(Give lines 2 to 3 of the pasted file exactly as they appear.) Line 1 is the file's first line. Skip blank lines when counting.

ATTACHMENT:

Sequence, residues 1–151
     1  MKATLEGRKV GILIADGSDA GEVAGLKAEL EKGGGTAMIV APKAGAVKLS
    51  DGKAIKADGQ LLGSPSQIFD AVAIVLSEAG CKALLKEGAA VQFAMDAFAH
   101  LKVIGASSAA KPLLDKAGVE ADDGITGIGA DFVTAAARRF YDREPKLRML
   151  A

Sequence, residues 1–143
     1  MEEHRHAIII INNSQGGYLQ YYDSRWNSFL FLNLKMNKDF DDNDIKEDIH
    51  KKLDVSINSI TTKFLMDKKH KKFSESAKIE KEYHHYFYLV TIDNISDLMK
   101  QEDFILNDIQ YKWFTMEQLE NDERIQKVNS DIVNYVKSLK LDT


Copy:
     1  MKATLEGRKV GILIADGSDA GEVAGLKAEL EKGGGTAMIV APKAGAVKLS
    51  DGKAIKADGQ LLGSPSQIFD AVAIVLSEAG CKALLKEGAA VQFAMDAFAH